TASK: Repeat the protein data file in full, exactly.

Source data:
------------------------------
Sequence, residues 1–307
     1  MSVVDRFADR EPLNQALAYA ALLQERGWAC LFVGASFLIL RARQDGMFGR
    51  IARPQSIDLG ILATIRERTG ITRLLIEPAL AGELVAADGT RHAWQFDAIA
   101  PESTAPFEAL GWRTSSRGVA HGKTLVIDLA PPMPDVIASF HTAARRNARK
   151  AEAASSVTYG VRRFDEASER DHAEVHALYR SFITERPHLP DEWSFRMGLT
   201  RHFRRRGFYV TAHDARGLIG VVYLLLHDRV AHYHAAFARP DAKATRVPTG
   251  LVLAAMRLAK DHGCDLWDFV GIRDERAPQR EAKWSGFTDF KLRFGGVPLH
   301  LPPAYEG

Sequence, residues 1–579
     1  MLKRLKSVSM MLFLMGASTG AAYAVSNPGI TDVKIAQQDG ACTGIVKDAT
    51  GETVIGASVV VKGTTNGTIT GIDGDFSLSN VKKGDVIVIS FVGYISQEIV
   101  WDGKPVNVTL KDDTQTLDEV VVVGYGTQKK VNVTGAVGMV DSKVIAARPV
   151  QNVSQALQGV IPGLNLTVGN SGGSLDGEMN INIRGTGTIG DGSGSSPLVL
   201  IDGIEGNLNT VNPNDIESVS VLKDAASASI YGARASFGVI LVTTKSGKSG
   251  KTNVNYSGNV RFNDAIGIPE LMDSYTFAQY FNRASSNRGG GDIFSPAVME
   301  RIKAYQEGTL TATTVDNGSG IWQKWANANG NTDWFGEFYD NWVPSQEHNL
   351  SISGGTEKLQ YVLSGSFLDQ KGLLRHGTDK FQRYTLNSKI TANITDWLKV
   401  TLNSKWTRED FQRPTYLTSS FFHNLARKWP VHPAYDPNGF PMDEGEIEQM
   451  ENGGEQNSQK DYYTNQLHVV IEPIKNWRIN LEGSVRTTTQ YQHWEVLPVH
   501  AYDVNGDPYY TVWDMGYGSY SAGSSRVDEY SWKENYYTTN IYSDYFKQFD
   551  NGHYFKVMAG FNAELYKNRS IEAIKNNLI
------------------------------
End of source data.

Sequence, residues 1–307
     1  MSVVDRFADR EPLNQALAYA ALLQERGWAC LFVGASFLIL RARQDGMFGR
    51  IARPQSIDLG ILATIRERTG ITRLLIEPAL AGELVAADGT RHAWQFDAIA
   101  PESTAPFEAL GWRTSSRGVA HGKTLVIDLA PPMPDVIASF HTAARRNARK
   151  AEAASSVTYG VRRFDEASER DHAEVHALYR SFITERPHLP DEWSFRMGLT
   201  RHFRRRGFYV TAHDARGLIG VVYLLLHDRV AHYHAAFARP DAKATRVPTG
   251  LVLAAMRLAK DHGCDLWDFV GIRDERAPQR EAKWSGFTDF KLRFGGVPLH
   301  LPPAYEG

Sequence, residues 1–579
     1  MLKRLKSVSM MLFLMGASTG AAYAVSNPGI TDVKIAQQDG ACTGIVKDAT
    51  GETVIGASVV VKGTTNGTIT GIDGDFSLSN VKKGDVIVIS FVGYISQEIV
   101  WDGKPVNVTL KDDTQTLDEV VVVGYGTQKK VNVTGAVGMV DSKVIAARPV
   151  QNVSQALQGV IPGLNLTVGN SGGSLDGEMN INIRGTGTIG DGSGSSPLVL
   201  IDGIEGNLNT VNPNDIESVS VLKDAASASI YGARASFGVI LVTTKSGKSG
   251  KTNVNYSGNV RFNDAIGIPE LMDSYTFAQY FNRASSNRGG GDIFSPAVME
   301  RIKAYQEGTL TATTVDNGSG IWQKWANANG NTDWFGEFYD NWVPSQEHNL
   351  SISGGTEKLQ YVLSGSFLDQ KGLLRHGTDK FQRYTLNSKI TANITDWLKV
   401  TLNSKWTRED FQRPTYLTSS FFHNLARKWP VHPAYDPNGF PMDEGEIEQM
   451  ENGGEQNSQK DYYTNQLHVV IEPIKNWRIN LEGSVRTTTQ YQHWEVLPVH
   501  AYDVNGDPYY TVWDMGYGSY SAGSSRVDEY SWKENYYTTN IYSDYFKQFD
   551  NGHYFKVMAG FNAELYKNRS IEAIKNNLI